Laptop overtaken by ransomware

Boards Brace for Ransomware Attacks

The ransomware attack that hit one-fifth of NHS trusts in the UK and thousands of corporations globally, including Spanish operator Telefónica, will have seen boardrooms scrambled for emergency meetings. For this attack entails a number of firsts, not least it being the biggest, global viral cyber outage ever recorded, but also entailing a demand for ransom.

Advertisement
According to Wikipedia: “Ransomware is a type of malicious software that carries out the cryptoviral extortion attack from cryptovirology that blocks access to data until a ransom is paid and displays a message requesting payment to unlock it. Simple ransomware may lock the system in a way which is not difficult for a knowledgeable person to reverse.”

Not only do victims have to deal with the unwelcome glare of adverse publicity, but the finely balanced judgment of whether to pay the ransom or not. This will be a first for many corporations and if they do decide to pay up, the technical procedure of paying a ransom in Bitcoin is itself no simple matter, as ransomware advisor Elliptic explains.

Not all ransomware is worth paying, advises Dr James Smith, Elliptic co-founder and CEO. Experts may be able to decrypt the ransomware or there may be indications that the attacker will not decrypt your machine even after payment. In the case of last week’s WannaCry attack, there is no evidence at the time of writing that the attacker will ever decrypt the compromised machines.

“Most ransomware attacks follow the same general pattern,” explains Elliptic co-founder and lead investigator Dr. Tom Robinson. “The victim is given a Bitcoin (or other cryptocurrency) payment address and a deadline to make payment. Most people incorrectly assume there is nothing that can be done to identify the perpetrator after payment is made.”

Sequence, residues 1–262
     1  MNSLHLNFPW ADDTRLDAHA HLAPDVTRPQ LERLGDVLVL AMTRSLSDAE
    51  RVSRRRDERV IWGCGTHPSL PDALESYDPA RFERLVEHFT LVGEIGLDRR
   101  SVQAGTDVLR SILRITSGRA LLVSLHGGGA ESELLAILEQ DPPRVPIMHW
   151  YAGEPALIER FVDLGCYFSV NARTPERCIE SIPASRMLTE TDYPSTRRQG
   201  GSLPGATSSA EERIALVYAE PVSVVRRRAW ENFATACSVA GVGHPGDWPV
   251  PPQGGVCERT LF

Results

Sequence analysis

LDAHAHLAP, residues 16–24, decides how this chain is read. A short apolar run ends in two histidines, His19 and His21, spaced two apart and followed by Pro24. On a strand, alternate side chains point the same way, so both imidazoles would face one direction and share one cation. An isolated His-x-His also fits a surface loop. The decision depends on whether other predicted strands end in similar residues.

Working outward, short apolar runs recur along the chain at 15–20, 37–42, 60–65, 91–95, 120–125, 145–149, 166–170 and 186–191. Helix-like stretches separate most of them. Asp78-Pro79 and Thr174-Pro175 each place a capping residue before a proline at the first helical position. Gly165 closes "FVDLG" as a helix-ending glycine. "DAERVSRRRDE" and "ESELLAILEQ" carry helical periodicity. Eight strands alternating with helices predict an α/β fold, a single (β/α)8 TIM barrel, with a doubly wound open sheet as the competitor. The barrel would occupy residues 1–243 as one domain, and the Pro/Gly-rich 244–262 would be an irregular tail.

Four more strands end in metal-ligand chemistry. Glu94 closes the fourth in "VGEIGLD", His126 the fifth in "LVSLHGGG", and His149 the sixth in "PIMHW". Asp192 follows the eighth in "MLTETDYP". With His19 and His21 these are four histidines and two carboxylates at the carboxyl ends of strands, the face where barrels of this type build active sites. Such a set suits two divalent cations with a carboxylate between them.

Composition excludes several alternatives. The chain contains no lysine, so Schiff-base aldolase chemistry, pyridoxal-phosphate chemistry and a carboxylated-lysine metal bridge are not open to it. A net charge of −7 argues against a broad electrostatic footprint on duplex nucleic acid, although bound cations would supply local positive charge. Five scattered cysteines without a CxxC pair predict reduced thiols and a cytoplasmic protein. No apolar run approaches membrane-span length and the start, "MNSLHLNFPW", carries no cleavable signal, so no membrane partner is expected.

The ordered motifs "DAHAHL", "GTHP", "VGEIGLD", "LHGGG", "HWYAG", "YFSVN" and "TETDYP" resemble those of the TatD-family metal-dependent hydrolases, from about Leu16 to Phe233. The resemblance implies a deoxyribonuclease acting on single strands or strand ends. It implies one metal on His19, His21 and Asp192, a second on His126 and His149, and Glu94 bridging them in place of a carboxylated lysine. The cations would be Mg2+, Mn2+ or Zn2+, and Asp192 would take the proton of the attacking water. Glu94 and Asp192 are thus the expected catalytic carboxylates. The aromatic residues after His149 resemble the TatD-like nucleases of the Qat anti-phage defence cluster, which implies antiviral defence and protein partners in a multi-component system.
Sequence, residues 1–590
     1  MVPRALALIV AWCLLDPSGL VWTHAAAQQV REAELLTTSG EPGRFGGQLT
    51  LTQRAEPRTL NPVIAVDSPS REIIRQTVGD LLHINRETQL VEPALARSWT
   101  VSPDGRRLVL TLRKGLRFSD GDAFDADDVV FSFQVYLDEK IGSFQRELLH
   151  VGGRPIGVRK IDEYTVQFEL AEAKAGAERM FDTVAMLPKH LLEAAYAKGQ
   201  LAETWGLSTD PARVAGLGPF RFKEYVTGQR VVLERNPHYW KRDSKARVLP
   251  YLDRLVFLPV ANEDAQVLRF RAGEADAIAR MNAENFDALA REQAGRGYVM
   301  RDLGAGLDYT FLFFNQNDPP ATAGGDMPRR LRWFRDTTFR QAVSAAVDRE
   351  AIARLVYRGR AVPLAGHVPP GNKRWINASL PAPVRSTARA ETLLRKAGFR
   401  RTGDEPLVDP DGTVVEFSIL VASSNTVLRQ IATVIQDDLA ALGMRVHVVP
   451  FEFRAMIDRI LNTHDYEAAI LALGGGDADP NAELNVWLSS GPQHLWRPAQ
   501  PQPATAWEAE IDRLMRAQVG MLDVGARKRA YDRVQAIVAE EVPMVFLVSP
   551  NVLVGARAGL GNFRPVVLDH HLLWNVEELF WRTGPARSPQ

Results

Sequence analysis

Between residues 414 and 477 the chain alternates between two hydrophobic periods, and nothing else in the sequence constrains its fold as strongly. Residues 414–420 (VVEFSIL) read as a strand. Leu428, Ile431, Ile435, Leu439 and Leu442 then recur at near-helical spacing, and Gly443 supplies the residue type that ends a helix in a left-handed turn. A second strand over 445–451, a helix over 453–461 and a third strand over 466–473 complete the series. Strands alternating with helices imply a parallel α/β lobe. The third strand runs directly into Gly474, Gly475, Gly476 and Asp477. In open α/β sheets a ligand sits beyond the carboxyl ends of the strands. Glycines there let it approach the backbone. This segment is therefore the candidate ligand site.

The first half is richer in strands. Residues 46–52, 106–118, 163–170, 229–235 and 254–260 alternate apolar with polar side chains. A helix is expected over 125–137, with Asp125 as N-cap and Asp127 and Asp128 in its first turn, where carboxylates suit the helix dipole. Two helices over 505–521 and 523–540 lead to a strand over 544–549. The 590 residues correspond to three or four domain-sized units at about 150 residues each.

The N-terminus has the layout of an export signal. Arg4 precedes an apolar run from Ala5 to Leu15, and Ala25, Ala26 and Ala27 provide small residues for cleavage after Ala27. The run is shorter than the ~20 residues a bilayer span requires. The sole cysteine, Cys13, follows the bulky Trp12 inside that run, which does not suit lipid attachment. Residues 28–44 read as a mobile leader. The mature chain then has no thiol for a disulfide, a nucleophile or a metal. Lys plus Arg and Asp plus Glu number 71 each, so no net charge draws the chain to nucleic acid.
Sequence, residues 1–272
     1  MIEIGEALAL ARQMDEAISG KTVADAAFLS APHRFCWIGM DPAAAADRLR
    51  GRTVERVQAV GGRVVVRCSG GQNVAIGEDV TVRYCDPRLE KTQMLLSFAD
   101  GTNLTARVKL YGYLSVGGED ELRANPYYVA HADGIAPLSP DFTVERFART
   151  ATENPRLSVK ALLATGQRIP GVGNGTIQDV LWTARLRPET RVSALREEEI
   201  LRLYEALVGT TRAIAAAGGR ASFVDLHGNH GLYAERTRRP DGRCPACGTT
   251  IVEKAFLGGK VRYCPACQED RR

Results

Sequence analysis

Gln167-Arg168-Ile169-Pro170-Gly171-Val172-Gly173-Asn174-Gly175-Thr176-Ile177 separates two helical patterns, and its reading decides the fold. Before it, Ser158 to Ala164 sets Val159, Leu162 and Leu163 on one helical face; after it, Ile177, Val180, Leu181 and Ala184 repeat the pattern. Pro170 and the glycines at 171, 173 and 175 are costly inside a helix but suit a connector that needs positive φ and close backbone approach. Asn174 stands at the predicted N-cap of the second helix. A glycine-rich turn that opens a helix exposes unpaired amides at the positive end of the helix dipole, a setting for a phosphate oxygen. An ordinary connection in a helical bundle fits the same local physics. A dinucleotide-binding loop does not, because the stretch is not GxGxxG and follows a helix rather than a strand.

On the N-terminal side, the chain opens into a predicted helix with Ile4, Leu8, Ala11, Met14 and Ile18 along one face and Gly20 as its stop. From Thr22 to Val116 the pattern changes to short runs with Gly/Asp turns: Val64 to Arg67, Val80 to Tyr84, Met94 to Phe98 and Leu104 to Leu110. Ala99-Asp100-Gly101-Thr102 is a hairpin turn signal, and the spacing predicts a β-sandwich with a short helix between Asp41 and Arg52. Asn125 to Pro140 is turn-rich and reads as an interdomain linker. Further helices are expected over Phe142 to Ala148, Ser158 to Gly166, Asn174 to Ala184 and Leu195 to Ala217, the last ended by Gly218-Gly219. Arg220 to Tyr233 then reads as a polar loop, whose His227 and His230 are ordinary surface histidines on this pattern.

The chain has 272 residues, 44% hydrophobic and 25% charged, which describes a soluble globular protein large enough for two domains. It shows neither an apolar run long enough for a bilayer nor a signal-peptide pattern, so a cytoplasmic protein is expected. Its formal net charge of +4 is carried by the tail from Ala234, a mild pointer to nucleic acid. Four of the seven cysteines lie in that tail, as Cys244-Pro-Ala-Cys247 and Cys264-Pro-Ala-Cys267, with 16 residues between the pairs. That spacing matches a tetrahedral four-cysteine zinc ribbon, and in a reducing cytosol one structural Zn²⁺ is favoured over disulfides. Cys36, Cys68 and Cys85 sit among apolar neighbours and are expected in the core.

Related article – Risk Mitigation and Continuous Assessment Secure Journey to the Cloud

Ransomware operations usually demand payment quickly, sometimes in as little as 24 hours. It can be difficult for a company to secure large quantities of Bitcoins at short notice. “Most Bitcoin exchanges have Know Your Customer (KYC) policies that prohibit them from selling new clients a significant amount of Bitcoins,” reveals Dr. Robinson.

Large Bitcoin payments can be confusing for companies that are not used to dealing in cryptocurrencies. “Constructing a large Bitcoin transaction is a technical process. You need to define the right transaction fee, verify the destination and sign the transaction appropriately,” adds Dr. Robinson. “Too low a fee and your transaction might never clear; send it to the wrong address and your Bitcoins are gone forever.”

Confusingly in this recent episode, there is no pattern to the attack as victims number not only the cash-strapped NHS but the digital trailblazer and flush Telefónica. As commentary comes pouring in from cybersecurity experts and pundits, a few facts are clear: no one is immune, and in this era of hyper-connectivity, eternal vigilance and good housekeeping are the soundest defence.

Share your views and opinions on this via our LinkedIn Group.

Helen Beckett

Author: Helen Beckett

Helen Beckett is the Community Manager of the Business Value Exchange. She has been a writer and editor for over 20 years and takes a particular interest in the challenges facing the CIO in today’s business climate.